Phew! I feel like an underwear in a washing machine. Life is running faster than I could have imagined and all I could do is to muster up enough strength to stand steady. Getting used to a place is not easy as it sucks out all that you were used to. For me, it sucked out blogging, and for a few days I could not gather my thoughts to put them on my laptop screen and neither could I raise my finger to open my Reader. So, apologies, dear friends! And I hope that all of you would understand!
So, coming back to the topic, one of my roomies here returned to India last week. Before going back he wanted to go to a nice, beautiful, peaceful place and the options were very less because:
- Usually October-March is considered off season here in UK as Winters is a terrible time to roam around.
- He had already seen London, Scotland, Blackpool and Lake District, all of which I still have to visit. So all these options were ruled out.
The only two options left were Wales and Isle Of Wight, both of which were again under an Off-season spell. Finally Wales was ruled out too and we ended up booking a car and Preeto(our TomTom aka GPS) for three days. Before going further, let me tell you about Isle of Wight as most of you must be in an impression that its the name of a Crater on the fifth moon of Saturn. Isle Of Wight is a small island on the Southern Tip of Great Britain. Its about 257 miles from Manchester which is about a 5 hours drive. The Isle is not accessible by road which means that you have to shove your car in a ferry and take it to the isle and vice versa. During summers there is a huge advanced booking for the ferry but we were fortunate due to our perfect timings!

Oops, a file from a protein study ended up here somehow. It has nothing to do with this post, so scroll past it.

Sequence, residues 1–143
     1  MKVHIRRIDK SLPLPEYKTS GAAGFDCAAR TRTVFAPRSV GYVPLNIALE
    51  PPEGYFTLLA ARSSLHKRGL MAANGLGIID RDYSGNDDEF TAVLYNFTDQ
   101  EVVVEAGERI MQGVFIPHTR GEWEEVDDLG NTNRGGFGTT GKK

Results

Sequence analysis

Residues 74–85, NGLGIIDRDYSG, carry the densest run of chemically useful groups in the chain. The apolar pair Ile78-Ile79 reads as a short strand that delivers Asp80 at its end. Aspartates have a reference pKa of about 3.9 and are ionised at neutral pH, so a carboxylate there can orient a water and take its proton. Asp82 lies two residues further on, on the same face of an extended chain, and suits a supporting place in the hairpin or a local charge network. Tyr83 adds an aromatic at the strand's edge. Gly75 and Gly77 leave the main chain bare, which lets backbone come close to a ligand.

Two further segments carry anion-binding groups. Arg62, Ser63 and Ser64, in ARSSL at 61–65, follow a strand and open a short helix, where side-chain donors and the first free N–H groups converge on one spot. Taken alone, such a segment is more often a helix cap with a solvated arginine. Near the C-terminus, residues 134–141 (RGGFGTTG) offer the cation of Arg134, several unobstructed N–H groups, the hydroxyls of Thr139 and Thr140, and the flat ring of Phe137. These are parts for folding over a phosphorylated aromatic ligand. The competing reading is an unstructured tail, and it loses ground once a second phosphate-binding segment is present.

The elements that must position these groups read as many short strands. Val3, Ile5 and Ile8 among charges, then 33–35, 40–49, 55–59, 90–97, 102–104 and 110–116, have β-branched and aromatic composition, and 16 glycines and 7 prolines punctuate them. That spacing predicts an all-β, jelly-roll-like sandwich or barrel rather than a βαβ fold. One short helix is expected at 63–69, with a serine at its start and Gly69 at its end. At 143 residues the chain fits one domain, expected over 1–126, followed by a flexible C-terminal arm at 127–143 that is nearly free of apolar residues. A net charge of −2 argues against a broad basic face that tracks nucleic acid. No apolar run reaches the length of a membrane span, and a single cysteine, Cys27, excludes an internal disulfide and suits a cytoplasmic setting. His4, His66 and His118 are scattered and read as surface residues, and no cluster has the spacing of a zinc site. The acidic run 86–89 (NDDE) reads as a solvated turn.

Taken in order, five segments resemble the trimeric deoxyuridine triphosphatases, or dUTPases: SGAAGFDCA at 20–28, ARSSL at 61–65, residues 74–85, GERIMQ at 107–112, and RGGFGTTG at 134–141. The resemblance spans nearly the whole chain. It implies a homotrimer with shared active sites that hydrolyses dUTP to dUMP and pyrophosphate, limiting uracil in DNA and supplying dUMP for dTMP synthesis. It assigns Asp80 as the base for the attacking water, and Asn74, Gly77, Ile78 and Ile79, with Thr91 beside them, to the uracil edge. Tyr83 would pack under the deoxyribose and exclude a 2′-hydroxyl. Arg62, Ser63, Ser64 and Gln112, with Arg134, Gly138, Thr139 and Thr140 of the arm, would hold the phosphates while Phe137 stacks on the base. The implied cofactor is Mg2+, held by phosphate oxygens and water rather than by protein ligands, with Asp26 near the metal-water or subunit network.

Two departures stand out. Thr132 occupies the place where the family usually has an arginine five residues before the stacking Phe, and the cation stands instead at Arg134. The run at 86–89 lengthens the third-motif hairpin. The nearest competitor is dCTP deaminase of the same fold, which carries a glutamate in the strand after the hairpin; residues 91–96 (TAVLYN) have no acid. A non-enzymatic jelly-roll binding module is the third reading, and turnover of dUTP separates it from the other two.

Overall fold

This is the island as you can see in the map above. We went upto Portsmouth(upper right corner in the map) in the car and then took a ferry to Fishbourne, which is on the north east corner of the isle. Ferries also operate from Southampton and Lymington. Take your pick!
The Island is spread over an area of mere 380 sq Km and is famous for its beautiful beaches of Shanklin, Ryde, Sandown and Yarmouth. Besides the beaches there was so much to explore that we found it extremely difficult to keep up the pace. And all this during the off season! Two notable, must visit points of the diamond shaped island are the Culver cliff and The Needles. If you really want to understand the meaning of breathtaking, you must visit these two points on the island. The Needles is undoubtedly the most picturesque area of the island which looks like the end of the chalk coloured ridge which runs across the whole island.
The Culver Cliff on the other hand was used as a defence point as it was used to keep an eye on the vast ocean all around it. There were two nine inch guns kept there but the cliffs kept on eroding and most of it was lost. Now also, if you walk along the cliff, you can see the warning boards and the broken cliffs all around. I would suggest you to park your car at Yaverland beach and walk up the cliff from there towards the last point. Its a tiring walk of about half an hour but what you will see along the way is what you would never forget.